"Jed's rooms never seem weighed down by a sense of importance, or by the smell of money, both of which can make a place seem cold and dead," Sandra Brant observes in the new monograph Jed Johnson: Opulent Restraint (Rizzoli). Brant helped finance Warhol's magazine Interview and employed Johnson on upwards of 10 projects. "If there was anything that marked his designs," critic Paul Goldberger writes in another of the book's essays, "it was a forthright determination to make space resonate, to make it glow with that peculiar form of perfection that comes when objects of great quality are well placed in carefully wrought surroundings."

With Johnson—unlike other residential designers who accept the occasional commercial commission—there was no question of shifting down, which is a nice way of saying dumbing down, for Twin Farms. Treehouse cottage has delicate white-birch fretwork between chunky ceiling beams of the same wood, chinoiserie toile pelmets whose sawtooth points end in tiny bells, and hand-carved ravens atop the posts of a barley-twist bed. Meadow cottage, a Maghrebian daydream of mosaic tiles, layered kilims, voluptuous banquettes, and trefoil window screens, makes the point that the only thing chicer than a tented ceiling is a trompe l'oeil one, realized in billowing plaster and painted stripes.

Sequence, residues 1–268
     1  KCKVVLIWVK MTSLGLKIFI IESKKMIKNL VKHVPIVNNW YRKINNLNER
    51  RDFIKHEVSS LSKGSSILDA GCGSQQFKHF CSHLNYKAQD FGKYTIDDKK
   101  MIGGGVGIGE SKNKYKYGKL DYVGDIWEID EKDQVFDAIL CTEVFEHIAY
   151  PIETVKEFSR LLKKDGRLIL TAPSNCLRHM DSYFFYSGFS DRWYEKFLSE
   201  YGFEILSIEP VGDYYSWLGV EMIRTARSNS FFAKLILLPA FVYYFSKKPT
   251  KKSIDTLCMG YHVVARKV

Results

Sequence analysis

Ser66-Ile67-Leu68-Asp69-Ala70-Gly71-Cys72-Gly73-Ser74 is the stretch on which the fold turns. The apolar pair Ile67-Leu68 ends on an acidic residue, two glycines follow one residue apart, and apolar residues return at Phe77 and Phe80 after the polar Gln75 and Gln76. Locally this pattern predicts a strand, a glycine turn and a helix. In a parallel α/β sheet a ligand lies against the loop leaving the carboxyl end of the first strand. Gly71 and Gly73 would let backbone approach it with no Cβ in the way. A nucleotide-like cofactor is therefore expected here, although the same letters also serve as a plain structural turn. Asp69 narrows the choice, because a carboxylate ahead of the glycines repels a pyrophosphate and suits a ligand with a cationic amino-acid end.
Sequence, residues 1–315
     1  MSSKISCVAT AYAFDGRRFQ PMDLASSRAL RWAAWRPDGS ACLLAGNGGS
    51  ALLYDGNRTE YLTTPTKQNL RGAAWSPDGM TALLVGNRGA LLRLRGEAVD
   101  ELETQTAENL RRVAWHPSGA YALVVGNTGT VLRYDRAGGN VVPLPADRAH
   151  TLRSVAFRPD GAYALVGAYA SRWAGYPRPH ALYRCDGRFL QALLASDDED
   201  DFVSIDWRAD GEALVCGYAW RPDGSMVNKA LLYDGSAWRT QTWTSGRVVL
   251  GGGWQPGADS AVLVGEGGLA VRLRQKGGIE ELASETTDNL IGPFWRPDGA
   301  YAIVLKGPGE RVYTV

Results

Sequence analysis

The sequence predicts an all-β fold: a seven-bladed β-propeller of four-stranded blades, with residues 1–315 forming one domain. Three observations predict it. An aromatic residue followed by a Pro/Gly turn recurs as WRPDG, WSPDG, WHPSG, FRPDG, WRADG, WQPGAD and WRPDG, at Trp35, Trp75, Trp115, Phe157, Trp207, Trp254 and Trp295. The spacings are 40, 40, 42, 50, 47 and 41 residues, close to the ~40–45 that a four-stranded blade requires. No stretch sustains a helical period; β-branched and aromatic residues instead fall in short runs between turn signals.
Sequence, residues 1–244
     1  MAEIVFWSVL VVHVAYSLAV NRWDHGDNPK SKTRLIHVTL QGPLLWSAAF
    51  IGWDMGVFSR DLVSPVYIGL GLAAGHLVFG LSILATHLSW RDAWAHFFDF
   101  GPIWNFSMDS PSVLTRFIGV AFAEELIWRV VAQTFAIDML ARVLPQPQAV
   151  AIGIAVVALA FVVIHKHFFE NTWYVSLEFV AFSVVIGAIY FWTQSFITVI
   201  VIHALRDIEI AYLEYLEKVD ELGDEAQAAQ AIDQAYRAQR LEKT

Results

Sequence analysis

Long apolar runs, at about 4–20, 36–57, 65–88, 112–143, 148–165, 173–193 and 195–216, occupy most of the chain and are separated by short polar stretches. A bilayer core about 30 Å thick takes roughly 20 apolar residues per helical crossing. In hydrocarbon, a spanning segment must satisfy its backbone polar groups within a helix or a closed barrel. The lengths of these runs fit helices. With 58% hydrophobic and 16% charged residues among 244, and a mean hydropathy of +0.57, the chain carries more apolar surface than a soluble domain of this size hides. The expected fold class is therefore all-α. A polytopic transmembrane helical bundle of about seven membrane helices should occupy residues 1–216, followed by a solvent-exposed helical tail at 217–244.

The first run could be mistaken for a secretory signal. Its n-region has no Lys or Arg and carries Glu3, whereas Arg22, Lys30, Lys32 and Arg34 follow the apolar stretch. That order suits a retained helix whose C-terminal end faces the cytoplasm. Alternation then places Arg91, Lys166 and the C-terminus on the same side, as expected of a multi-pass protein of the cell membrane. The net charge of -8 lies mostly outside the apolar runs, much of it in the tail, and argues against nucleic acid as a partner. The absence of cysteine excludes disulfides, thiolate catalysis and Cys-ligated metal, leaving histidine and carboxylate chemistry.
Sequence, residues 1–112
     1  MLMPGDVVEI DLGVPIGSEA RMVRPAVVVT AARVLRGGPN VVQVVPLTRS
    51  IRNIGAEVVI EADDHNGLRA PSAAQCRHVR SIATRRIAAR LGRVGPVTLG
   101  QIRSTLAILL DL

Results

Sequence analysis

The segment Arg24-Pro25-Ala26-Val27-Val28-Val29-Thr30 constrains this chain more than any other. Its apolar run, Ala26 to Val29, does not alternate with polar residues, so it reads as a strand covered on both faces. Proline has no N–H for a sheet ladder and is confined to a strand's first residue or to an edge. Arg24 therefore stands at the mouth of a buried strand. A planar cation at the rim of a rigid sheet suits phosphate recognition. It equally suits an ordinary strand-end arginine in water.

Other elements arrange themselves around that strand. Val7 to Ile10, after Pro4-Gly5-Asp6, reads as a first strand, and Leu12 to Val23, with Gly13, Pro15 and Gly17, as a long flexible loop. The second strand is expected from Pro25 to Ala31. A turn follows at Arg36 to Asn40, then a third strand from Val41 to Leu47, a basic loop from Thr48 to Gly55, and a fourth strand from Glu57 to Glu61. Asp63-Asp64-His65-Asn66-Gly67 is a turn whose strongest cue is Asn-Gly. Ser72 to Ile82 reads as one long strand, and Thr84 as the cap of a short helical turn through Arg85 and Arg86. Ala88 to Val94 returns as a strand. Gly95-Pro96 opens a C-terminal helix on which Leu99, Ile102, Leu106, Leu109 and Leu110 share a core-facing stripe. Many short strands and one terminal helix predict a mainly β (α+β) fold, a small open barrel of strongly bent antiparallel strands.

Johnson died on TWA Flight 800, which exploded over the Atlantic off Long Island in 1996. Because the company that carries his name is not only still in business but also retains some of the same people who initially collaborated on Twin Farms, many assumed the hotel would simply return to the firm when it decided to increase its inventory. The bet-hedging solution the property ultimately came up with is more nuanced, more creative, though not one that would necessarily work for songbirds who will soon be eligible for senior bus fare.

"We view what Jed did as art—it would be foolish to touch it," says Thurston Twigg-Smith, one of the hotel's shareholders. "Guests would notice, and they wouldn't be happy. Jed's rooms cannot be improved." The hotel takes its responsibility as guardian so seriously that it goes to the trouble, and expense, of using Johnson's com­pany—now run by his brother Jay—for most of the upkeep. The Delano in Miami and Wheatleigh in Massachusetts take a similar custodial approach.

"We purchased ten percent ad­ditional fabric when we designed Wheatleigh in 2001 so there'd be stock for re-covering," says Calvin Tsao of  Tsao & McKown. "We go up once a season and see what needs repair. And because we know how much housekeepers love to push furniture against the walls and pile amenities in a corner of the vanity, there's a room-by-room manual with photographs that shows precisely where everything goes. There's even a picture of how not to over­fill the cotton-swab bowls."